Feltville, New Jersey

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Feltville, New Jersey

FeltvilleNewJerseyThis historic district appeared on the National Register of Historic Places in 1980 and within the locality, it is referred to as “The Deserted Village.” In 1736, this area was a frontier and it is the same time when the first settler came in from Long Island who was an Englishman named Peter Willcox.

When Willcox settled here, he established a sawmill that was brought down later on as the population in the area grew. In 1825, a Boston based businessman by the name David Felt moved to New York City and by the year 1844, demand from the merchants he supplied had grown to the extent that his mill could not satisfy it. It was at this time that Felt went looking for land within New Jersey where the next factory would be established.

In the process, Peter Willcox’s descendants sold him land. Later on, Felt would go on to establish a mill on Blue Brook, 2 dams to serve the mill and a town for those who worked at the mill, which he named “Feltville.” All these were put up within a period of two years and residents here gave Felt the nickname “King David.”

That was because he had put out a requirement for all children to attend lessons at the schoolhouse that had one room only and attendance of the churchhouse services for all residents. Within the town of Feltville in those early days, two families lived in each of the smaller houses while four families had their accommodation in each of the larger houses.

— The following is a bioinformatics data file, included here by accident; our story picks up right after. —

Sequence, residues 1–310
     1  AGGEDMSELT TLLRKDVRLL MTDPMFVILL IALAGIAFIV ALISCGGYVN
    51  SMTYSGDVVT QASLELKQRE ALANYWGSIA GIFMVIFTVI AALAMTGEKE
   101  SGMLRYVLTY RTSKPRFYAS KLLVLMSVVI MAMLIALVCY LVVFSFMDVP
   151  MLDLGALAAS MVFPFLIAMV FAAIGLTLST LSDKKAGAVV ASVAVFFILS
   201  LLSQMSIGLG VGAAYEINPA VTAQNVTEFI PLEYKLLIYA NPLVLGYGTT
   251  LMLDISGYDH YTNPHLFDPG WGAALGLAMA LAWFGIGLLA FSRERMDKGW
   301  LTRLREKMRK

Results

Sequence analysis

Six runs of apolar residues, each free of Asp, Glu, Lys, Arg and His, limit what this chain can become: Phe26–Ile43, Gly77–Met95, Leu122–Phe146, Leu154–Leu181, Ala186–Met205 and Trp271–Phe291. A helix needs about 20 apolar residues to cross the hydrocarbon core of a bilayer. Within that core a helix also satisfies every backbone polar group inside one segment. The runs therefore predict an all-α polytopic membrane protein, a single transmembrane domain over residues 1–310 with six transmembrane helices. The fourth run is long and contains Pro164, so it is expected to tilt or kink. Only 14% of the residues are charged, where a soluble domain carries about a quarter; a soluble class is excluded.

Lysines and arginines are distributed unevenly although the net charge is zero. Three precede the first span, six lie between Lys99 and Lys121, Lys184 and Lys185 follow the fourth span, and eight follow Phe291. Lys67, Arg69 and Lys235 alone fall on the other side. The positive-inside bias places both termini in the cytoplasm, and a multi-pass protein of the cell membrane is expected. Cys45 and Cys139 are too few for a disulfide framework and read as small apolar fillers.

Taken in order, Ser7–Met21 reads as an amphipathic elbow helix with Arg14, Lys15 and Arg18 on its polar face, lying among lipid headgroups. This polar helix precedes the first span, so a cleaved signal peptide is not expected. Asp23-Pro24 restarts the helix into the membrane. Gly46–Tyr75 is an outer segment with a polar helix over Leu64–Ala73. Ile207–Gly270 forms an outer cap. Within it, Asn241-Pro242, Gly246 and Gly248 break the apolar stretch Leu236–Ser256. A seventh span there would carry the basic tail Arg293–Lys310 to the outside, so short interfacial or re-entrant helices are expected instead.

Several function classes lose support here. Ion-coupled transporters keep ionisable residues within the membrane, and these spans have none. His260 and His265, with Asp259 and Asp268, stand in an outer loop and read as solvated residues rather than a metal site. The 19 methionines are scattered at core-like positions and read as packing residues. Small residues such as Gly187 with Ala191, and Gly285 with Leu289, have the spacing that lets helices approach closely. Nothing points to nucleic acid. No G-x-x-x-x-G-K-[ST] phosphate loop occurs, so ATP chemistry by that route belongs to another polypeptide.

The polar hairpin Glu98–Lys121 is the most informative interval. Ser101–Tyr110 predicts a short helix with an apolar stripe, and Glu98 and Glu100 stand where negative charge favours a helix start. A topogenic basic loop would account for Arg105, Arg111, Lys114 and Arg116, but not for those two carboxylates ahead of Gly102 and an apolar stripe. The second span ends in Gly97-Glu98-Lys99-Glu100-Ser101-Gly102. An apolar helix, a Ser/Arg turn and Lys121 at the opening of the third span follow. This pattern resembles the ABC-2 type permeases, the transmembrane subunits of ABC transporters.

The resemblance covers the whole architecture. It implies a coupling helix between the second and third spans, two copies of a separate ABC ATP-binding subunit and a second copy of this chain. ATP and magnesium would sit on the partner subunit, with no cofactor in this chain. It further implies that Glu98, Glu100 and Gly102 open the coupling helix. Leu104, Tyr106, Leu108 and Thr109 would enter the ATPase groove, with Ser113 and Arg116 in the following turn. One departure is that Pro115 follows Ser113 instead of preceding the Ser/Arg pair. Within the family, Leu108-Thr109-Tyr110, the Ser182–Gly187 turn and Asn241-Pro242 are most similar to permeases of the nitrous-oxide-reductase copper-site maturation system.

Population in the town stood at 175 individuals by the year 1850 and there was a resident pastor of the nondenominational “Union Church” at the time. Finally, Felt sold this property after a period of 15 years and those that followed after him operated businesses in the area that never really succeeded. That is when Feltville acquired the name “the deserted village.”

Warren Ackerman bought it out in 1882 and turned it to a summer resort that was named Glenside Park. In the course of time, most people opted for the shore of New Jersey in summer as opposed to Glenside Park and the area was later deserted once again. Union Country Park Commission stepped in and bought the place and started renting out the houses in place to families, after including it in Watchung Reservation.

Most of the main structures in this ghost town have vanished including the school, the mill, dormitories and the Felt Mansion. But even with this, efforts are being made to preserve the area as a site where visitors can learn how it was like living in Feltville-Glenside Park. Some of the activities to enjoy when one visits the place include an apple cider pressing demo, games for children as well as display of archaeological artifacts.

The place is also open to the public on a daily basis and every October, just two weeks before Halloween, families are taken for haunted hayrides within this ghost town, as they learn more about notable individuals who once lived here.

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